Clara Davis: Babies Know Best

“The nurses’ orders were to sit quietly by, spoon in hand, and make no motion…”

The babies never had anything other than breast milk prior to starting the experiment.  Fully ad lib, they could have as much of whatever food they wanted.  Every morsel was weighed and quantified.

Setting: orphanage.

 

“Armed with growing evidence from the newly emerging field of nutrition, doctors began prescribing with bank teller–like precision what and when and how much a child should eat in order to be healthy.”  #fakenews LOL

Results: “Every diet differed from every other diet, 15 different patterns of taste being presented, and not one diet was the predominantly cereal-and-milk diet, with smaller supplements of fruit, eggs and meat, that is commonly thought proper for this age.”

“15 uniformly well-nourished, healthy children”

 

 

The “trick:” Hunger-Free Diet(s)

In other words, they were given a fighting chance.  “She did not present her little ones with a foolproof diet, just a not-intrinsically-foolish one”  (Strauss, 2006).

 

Not: “a Big Mac mush, a slurry of Snickers, and cola galore”

Book by Benjamin Spock: The common sense book of baby and child care

 




 

The two seminal papers by Clara Davis:

1928 (n=3): Self selection of diet by newly weaned infants

1939 (n=15): Results of the self-selection of diets by young children

 

 

The couldn’t present all of the foods at every meal, but got in about a dozen or so, as such:

 

All unprocessed whole foods.  Some cooked, some raw.

The babies tried to eat with their hands, sometimes stuck their face into the bowl.  The nurses were instructed to not interfere, but eventually the babies just started pointing to bowls and the nurse would spoon-feed them.  Some would even take a spoonful of salt, sputter & spout and wrench it down… then do it again! 🙂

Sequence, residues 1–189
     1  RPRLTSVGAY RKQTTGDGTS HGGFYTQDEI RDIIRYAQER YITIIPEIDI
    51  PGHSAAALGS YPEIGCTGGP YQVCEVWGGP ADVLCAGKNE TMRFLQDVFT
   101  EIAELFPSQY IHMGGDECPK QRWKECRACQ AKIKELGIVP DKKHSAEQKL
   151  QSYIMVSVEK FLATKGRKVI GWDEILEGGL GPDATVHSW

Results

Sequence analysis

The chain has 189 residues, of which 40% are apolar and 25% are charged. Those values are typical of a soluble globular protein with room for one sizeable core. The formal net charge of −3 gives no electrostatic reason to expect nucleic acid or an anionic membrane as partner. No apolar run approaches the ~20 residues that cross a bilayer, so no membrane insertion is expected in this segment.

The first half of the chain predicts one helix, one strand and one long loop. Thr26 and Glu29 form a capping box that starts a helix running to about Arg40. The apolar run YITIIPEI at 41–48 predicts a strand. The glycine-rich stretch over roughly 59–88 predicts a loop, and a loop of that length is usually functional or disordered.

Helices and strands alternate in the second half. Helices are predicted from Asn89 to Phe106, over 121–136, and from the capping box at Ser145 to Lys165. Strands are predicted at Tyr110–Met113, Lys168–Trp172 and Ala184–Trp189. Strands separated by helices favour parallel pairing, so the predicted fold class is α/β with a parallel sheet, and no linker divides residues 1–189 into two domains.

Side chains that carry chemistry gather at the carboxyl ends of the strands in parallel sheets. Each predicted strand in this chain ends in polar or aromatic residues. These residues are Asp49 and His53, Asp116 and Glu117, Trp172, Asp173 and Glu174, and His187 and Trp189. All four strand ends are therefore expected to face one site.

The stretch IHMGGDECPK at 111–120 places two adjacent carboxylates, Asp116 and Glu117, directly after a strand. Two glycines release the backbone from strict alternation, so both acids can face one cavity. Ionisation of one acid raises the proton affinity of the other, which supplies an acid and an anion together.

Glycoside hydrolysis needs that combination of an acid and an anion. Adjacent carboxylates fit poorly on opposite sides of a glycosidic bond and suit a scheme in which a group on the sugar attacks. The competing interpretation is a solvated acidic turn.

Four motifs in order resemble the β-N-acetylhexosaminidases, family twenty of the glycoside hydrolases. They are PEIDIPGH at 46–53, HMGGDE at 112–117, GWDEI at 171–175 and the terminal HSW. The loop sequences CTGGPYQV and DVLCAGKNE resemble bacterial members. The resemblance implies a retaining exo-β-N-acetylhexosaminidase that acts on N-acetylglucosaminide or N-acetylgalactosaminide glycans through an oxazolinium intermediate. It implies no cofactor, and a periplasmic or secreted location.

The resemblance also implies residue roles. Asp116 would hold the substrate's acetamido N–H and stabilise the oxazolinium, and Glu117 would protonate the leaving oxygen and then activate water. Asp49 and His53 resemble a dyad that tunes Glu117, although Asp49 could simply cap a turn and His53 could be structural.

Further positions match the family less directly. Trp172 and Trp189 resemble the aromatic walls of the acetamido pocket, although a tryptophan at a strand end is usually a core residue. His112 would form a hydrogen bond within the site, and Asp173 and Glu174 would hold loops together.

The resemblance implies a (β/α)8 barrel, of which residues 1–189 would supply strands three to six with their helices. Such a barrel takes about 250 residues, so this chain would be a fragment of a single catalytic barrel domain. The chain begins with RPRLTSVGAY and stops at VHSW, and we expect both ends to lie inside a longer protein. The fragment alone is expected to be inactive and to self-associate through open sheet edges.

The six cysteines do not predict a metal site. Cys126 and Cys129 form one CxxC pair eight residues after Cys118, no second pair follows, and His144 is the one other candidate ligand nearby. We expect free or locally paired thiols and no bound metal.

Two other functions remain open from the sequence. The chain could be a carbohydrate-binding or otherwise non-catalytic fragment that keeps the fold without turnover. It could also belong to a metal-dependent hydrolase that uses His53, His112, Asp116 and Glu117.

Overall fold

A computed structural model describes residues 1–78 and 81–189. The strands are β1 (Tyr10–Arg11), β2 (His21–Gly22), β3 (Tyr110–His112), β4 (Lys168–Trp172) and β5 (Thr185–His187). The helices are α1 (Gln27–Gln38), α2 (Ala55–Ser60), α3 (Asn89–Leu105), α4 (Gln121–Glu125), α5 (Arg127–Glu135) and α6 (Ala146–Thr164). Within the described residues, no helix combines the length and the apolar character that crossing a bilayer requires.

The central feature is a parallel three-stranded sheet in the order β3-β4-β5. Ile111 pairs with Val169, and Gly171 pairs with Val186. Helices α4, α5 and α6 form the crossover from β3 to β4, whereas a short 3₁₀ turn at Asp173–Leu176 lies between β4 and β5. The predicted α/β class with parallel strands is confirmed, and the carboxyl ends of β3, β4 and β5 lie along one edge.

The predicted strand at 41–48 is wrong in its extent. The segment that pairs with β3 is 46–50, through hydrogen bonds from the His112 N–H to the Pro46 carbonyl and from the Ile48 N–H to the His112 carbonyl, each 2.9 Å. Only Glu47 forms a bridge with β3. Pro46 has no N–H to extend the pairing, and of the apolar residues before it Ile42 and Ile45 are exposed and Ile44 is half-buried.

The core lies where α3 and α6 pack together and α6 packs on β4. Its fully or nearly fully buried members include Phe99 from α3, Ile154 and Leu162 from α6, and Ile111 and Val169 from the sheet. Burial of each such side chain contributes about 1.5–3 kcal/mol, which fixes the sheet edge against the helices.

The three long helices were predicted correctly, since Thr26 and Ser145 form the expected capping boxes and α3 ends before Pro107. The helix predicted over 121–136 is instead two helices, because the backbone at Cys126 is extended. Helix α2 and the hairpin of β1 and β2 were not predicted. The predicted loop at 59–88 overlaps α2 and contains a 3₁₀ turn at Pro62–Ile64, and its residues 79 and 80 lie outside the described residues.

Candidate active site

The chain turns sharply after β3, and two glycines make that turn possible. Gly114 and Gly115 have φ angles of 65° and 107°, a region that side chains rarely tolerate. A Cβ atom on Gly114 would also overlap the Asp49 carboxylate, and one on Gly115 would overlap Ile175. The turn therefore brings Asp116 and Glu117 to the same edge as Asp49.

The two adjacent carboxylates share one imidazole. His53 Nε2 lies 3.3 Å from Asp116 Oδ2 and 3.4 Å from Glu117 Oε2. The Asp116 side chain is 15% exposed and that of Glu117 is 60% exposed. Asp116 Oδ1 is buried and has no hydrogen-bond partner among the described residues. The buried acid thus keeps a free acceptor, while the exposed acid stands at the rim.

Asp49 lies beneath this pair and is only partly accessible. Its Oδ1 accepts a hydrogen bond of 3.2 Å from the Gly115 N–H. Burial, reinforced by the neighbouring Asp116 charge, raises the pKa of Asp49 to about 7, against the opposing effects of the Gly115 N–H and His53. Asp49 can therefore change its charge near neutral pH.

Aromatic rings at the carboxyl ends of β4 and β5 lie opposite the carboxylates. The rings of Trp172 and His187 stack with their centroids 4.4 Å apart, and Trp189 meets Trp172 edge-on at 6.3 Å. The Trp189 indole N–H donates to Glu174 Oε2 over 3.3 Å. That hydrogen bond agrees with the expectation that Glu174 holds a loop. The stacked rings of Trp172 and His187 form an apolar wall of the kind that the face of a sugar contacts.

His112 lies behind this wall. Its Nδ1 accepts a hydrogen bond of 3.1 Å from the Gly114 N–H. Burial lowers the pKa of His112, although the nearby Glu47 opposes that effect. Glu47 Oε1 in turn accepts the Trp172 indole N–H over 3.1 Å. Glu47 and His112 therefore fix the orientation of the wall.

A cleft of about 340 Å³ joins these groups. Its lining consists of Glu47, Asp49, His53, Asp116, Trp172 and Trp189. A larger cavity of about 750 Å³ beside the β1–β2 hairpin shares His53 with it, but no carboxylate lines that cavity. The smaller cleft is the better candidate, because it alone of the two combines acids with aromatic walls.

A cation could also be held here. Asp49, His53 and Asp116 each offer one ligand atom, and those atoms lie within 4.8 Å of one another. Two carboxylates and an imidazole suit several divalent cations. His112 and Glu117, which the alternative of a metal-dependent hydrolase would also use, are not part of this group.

If they ate the entire contents of a particular dish, next time the portion size was increased to accommodate.



 

Here’s what they ate (top is Choice of Food by weight, bottom is Source of Calories):

 

Their diets worked out to be, on average, 17% protein, 35% fat, and 48% carb.

 

This part is crazy:

1) one baby had rickets going in to the study.  When offered cod liver oil, he selected it.  When his rickets resolved, he stopped selecting it.  None of the other babies selected cod liver oil.  Only the one with rickets, and only until it resolved.

This has actually been seen before in nature: the tails of some crayfish are very rich in arginine.  If you feed them an arginine-deficient diet they will eat other crawfish’s tails.

 

2) during the experiment, which lasted up to 4 years in some cases, appetite would fall 24-48 hours prior to onset of a fever and return 12-24 hours prior to its offset.  Consistently.  During this period, there was a strange preference for beets, carrots, and raw beef.

 

Babies know best.  You might be thinking: “of course they’re going to thrive, the only options are healthy options.”  No, that’s not how the study was designed.  It could’ve gone massively wrong.  For example, nothing was stopping the infants from selecting vegan or meat-only diets.  Fruitarianism was on the table.  All of those “diets” would result in multiple vitamin/mineral deficiencies and maybe even permanent long-term damage.  Actually, it’s amazing that all of the infants thrived; none showed any signs of deficiency.  Self-selected omnivorous diet with enough variety to meet all of their nutritional needs.

“Fresh fruits were eaten in amazingly large quantities.”

 

“There were no failures of infants to manage their own diets; all had hearty appetites; all throve.”

Amazeballs.

 

Big hat-tip to George Henderson  for Tweeting this article about Davis’ experiments.

 

calories proper

 

 

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